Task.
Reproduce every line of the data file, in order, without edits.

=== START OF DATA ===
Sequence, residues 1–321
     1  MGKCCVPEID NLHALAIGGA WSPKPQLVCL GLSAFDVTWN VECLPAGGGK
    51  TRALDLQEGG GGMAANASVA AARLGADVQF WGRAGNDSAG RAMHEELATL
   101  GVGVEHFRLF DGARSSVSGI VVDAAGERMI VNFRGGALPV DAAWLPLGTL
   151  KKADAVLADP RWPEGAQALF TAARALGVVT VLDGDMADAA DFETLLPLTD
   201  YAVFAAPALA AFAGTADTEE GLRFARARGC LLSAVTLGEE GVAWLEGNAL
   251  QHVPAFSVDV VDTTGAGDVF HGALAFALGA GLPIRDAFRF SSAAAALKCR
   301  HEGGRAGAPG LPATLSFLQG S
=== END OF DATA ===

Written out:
Sequence, residues 1–321
     1  MGKCCVPEID NLHALAIGGA WSPKPQLVCL GLSAFDVTWN VECLPAGGGK
    51  TRALDLQEGG GGMAANASVA AARLGADVQF WGRAGNDSAG RAMHEELATL
   101  GVGVEHFRLF DGARSSVSGI VVDAAGERMI VNFRGGALPV DAAWLPLGTL
   151  KKADAVLADP RWPEGAQALF TAARALGVVT VLDGDMADAA DFETLLPLTD
   201  YAVFAAPALA AFAGTADTEE GLRFARARGC LLSAVTLGEE GVAWLEGNAL
   251  QHVPAFSVDV VDTTGAGDVF HGALAFALGA GLPIRDAFRF SSAAAALKCR
   301  HEGGRAGAPG LPATLSFLQG S